Drill press router?

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Forum topic by Farrout posted 02-10-2014 08:49 PM 1482 views 0 times favorited 6 replies Add to Favorites Watch
View Farrout's profile


187 posts in 3353 days

02-10-2014 08:49 PM

I’ve always been intrigued by milling machines.
I tried chucking up a flat ended bit and pushed the material through.
I set the drill press to the highest speed and used relatively soft pine for the test.
It’s a whole lot easier to setup than a router table for small cuts.
Here’s a picture. It may have some applications in the future.
What do you think?

-- If we learn from our mistakes, I should be a genius!

6 replies so far

View bigblockyeti's profile


5285 posts in 1920 days

#1 posted 02-10-2014 08:56 PM

The reason this isn’t commonly done and usually discouraged against is the spindle of a drill press isn’t designed for a radial load, axial only. Most drill press chucks are pressed onto a tapered spindle, when a radial load is introduced you start loosening that fit and eventually the chuck can come off. Best case scenario; you’ll only destroy what ever you’re routing, worse case scenario; use your imagination.

-- "Lack of effort will result in failure with amazing predictability" - Me

View tefinn's profile


1222 posts in 2636 days

#2 posted 02-10-2014 10:01 PM

I totaly agree with bigblockyeti. Even if you don’t have a morse taper chuck on your drill, the added strain to the quill and bearings will cause premature failure. You also don’t have any protection from the spinning bit should something happen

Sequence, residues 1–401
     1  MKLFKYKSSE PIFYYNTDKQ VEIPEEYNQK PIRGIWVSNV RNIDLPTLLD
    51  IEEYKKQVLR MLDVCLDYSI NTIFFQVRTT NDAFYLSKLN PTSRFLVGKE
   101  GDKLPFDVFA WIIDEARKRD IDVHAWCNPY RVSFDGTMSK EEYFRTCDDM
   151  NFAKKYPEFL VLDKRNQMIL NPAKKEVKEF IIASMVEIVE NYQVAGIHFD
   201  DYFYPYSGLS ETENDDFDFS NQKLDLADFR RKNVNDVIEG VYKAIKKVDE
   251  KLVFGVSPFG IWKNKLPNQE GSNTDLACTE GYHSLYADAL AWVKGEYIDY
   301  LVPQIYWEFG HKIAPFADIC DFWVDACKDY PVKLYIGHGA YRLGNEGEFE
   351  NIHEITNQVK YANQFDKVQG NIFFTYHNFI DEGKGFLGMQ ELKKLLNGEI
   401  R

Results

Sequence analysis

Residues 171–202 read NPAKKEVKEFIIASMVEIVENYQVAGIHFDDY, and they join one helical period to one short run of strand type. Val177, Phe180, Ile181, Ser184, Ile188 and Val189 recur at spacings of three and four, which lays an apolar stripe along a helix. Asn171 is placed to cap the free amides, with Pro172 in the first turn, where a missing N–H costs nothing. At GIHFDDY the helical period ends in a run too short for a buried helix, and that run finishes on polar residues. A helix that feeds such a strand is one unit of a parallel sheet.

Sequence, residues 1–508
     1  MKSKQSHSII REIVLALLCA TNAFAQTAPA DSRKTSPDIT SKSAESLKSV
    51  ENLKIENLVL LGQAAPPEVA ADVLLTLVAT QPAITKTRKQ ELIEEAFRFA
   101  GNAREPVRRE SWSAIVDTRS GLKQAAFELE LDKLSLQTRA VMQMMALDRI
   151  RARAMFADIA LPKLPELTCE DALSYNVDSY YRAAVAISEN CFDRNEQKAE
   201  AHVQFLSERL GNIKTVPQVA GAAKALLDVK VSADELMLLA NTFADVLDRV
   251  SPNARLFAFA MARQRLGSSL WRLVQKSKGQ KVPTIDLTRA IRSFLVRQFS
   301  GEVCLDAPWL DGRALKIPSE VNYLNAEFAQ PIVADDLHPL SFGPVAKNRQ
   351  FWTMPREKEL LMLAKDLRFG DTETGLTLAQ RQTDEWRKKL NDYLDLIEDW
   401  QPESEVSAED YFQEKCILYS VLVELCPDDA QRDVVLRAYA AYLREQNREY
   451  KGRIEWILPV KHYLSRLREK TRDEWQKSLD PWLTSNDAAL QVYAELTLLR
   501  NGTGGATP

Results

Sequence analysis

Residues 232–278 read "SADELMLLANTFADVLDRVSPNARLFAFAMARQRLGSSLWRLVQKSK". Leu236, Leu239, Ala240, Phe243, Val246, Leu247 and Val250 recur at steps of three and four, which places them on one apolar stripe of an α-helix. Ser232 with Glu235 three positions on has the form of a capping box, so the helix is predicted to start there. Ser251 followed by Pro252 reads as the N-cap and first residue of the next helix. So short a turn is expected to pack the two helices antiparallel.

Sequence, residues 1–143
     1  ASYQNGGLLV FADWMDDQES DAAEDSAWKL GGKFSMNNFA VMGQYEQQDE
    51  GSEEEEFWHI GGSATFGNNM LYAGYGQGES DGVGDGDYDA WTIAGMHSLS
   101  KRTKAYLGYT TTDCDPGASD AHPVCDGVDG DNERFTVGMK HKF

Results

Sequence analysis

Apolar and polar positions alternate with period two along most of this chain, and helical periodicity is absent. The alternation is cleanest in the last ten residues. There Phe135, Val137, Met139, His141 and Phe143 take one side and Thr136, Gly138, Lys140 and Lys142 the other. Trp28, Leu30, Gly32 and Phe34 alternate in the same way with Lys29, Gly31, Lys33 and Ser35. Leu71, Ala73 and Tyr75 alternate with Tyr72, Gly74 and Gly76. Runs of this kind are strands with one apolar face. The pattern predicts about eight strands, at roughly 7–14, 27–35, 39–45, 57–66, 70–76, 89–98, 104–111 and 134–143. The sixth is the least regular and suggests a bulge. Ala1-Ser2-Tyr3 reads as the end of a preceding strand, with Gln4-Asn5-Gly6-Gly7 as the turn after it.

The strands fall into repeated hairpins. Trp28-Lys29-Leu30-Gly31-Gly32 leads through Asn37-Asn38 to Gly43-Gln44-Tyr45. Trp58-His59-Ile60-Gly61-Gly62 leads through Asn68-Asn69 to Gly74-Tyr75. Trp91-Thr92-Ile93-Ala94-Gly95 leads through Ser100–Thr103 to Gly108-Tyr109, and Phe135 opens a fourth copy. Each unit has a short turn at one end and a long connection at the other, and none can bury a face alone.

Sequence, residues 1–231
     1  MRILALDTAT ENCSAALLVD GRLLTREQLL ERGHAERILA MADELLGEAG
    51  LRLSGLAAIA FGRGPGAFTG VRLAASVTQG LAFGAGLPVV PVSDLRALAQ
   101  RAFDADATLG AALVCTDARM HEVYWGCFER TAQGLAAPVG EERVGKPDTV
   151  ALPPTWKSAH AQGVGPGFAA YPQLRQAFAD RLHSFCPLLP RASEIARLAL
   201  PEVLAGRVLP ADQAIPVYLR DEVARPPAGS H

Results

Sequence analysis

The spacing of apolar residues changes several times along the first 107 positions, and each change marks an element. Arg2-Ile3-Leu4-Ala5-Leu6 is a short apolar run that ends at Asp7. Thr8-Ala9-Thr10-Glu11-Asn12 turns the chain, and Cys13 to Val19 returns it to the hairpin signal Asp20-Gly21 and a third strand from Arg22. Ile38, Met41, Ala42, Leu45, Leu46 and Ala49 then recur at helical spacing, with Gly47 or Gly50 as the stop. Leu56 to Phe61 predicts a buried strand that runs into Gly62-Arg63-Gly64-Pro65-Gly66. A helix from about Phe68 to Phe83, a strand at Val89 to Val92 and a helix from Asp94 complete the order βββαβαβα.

-- Tom Finnigan - Measures? We don't need no stinking measures! - Hmm, maybe thats why my project pieces don't fit.

View pintodeluxe's profile


5798 posts in 3012 days

#3 posted 02-10-2014 10:32 PM

That, and router bits are designed to spin at close to 20,000 rpm. I’m pretty sure my DP won’t do that.

I like your creativity though.

-- Willie, Washington "If You Choose Not To Decide, You Still Have Made a Choice" - Rush

View MalcolmLaurel's profile


300 posts in 1822 days

#4 posted 02-10-2014 11:55 PM

I used to do it, before I acquired a milling machine. The chuck kept falling off the tapered shaft. Plus as others have posted above, it’s not really good for the spindle bearings.

That said, if you make small cuts slowly you can get away with it.

-- Malcolm Laurel -

View stefang's profile


16128 posts in 3533 days

#5 posted 02-24-2014 05:07 PM

Not good for the reasons the others gave, but the concept is excellent and a good alternative is to mount your router on the DP column with a custom made wooden bracket, then you will have a proper milling machine and an overhead router to boot. If you can’t find a good design on the net let me know and I will try to dig up something for you. I have some designs from some old magazines I can scan and send you.

-- Mike, an American living in Norway.

View 1yeldud1's profile


301 posts in 3241 days

#6 posted 02-24-2014 05:57 PM

That looks like a really good way to loose a finger – If the milling bit grabs the work piece and jerks it into the milling cutter your chance of getting your hands out of the way are very slim. I have been a tool maker for almost 40 years and endmills (router bits) do tend to “grab” their respective work pieces. You at the very least need a small table to clamp your work to with hand cranks to control lateral table movement. PLEASE be carefull !!!

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